read private, limited to 25 units on private road with single access. We don’t have jurisdiction on public roads
(re: intersections). Ms.
McNamara has given the information to the township attorney for his
Dave Hamann was asked to research new fees for pre-planning meetings. The purpose was that the Board feels a great
deal of the zoning administrator’s time is spent training applicants about our ordinances, essentially putting their packages
together for them. There is a $400 special meeting fee on the fee schedule already that could cover this type of meeting.
The point of Mr. Hamann’s memo is to address the time spent by the zoning administrator and whether or not a pre-planning
process needs to be put in place to force the applicant to pay for the time spent. Additionally, the process now has the
applicant submitting the package, which is sent to the attorney, engineer, etc. for review prior to the Planning Commission
meeting. Usually, the review letters aren’t received in advance of the Planning Commission meeting. If the Planning
Commission set up a process for the applicant to submit package, have the consultants review, and send back to the
applicant to make adjustments prior to Planning Commission meeting, there would be fewer items that the Planning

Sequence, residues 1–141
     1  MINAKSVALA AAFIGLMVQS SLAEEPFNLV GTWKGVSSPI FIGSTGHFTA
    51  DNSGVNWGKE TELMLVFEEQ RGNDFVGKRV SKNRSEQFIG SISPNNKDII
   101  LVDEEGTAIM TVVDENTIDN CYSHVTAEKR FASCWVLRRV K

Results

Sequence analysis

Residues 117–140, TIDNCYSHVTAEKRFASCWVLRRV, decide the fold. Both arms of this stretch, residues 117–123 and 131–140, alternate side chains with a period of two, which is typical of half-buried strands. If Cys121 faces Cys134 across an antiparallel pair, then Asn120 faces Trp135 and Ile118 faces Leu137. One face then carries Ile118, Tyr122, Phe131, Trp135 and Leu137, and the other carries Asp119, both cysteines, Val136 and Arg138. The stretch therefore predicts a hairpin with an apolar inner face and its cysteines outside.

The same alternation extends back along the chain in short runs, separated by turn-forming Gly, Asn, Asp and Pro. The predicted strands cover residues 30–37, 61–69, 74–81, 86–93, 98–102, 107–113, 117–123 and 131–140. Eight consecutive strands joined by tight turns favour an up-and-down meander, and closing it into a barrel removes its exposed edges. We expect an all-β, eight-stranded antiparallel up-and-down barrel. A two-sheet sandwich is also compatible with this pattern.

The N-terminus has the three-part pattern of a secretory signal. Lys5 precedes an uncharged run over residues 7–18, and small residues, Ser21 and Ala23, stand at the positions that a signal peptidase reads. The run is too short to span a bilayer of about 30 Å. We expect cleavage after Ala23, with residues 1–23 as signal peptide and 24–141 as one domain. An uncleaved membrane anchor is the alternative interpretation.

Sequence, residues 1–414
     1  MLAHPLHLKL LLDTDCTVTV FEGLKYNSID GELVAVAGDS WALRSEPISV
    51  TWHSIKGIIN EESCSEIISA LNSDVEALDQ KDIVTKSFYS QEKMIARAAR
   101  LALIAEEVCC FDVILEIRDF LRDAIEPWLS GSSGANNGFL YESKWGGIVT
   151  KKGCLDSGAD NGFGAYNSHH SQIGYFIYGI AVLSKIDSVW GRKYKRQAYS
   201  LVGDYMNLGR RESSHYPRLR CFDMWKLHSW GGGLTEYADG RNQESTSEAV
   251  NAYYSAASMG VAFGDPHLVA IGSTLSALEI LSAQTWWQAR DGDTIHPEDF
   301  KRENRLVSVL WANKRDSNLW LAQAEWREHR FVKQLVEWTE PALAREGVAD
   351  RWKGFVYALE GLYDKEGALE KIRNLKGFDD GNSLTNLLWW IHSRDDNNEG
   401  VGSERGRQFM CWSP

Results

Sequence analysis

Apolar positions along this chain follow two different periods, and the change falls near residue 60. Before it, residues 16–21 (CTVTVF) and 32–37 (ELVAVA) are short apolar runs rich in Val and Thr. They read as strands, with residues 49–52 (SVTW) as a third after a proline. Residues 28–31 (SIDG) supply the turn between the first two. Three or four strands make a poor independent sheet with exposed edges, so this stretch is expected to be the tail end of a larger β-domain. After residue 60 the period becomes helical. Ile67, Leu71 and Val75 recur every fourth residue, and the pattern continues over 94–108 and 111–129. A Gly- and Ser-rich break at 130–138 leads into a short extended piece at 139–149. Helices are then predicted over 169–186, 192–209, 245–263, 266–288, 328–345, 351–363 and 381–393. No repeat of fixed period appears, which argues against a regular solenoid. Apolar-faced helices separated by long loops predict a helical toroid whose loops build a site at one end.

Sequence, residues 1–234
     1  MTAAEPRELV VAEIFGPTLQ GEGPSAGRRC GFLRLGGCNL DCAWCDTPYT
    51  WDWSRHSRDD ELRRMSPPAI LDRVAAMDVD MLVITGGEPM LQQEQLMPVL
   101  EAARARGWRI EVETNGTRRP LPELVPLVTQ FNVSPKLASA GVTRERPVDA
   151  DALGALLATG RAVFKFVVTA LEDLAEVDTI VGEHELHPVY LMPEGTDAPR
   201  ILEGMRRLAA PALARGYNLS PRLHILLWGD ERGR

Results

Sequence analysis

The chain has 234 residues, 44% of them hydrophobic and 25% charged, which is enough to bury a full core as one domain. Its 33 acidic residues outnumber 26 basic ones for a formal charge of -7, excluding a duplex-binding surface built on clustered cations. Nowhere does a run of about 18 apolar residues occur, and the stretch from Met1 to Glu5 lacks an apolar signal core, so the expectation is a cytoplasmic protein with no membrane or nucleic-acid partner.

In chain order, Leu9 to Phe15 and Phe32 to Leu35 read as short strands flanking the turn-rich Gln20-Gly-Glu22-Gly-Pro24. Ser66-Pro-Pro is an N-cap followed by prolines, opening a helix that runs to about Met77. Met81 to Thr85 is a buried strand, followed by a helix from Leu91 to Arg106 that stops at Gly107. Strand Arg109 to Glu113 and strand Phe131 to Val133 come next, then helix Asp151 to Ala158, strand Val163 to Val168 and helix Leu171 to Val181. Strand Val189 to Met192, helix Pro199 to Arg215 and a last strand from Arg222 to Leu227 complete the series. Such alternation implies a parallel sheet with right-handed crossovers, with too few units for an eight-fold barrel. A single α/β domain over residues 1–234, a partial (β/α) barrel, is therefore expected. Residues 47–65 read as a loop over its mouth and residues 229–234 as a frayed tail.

Commission makes approval contingent on.
developers prior to submitting package. This helps the developers get everything done right the first time. He also likes
the idea of getting reviews back to them with enough time to make corrections. Therefore, it would be mandatory for at
least one month’s lead time. Mr. Lowe questioned whether 30 days is enough time. Mr. Hamann said our rules state no
less than 15 days and no more than 45. Mr. Ambrose can send his review letter directly to the applicant if the township
requests. Ms. McNamara pointed out that Tonch Private Drive did come in for a pre-meeting and there were issues still
not addressed. A checklist should be used for the review process (conceptual, preliminary, final). Ms. Wiedman-Clawson
said the checklist document used by Hartland Township works well. She will obtain a copy for review. Mr. Ambrose said
the developers should have a copy of the checklist. The fee schedule could be set up with a $400 minimum (two hours),
with an additional hourly charge beyond two hours. Mr. Ambrose felt a private road development wouldn’t require a pre-
planning meeting. Mr. Ambrose said it would be less costly to have a pre-planning meeting and final site plan submission
than to have a preliminary review and final review. Suggestion to make the pre-planning meeting optional. Also suggested
to establish a weekly or bi-weekly time for the planner and engineer to come in and meet with scheduled appointments,
one appointment per project, $200 for hourly appointment. One item that should be mandatory for the preliminary review is
from the Livingston County Road Commission. Ms. Root asked about citing specific dates when giving approvals.
Mr. Ambrose said you should cite dates, and be consistent. Always look for revision dates on plans. Mr. Lowe suggested
including a space for the date on the review form. The township will order a date received stamp for plans.
motioned to adjourn. Dave
Hamann seconded. Motion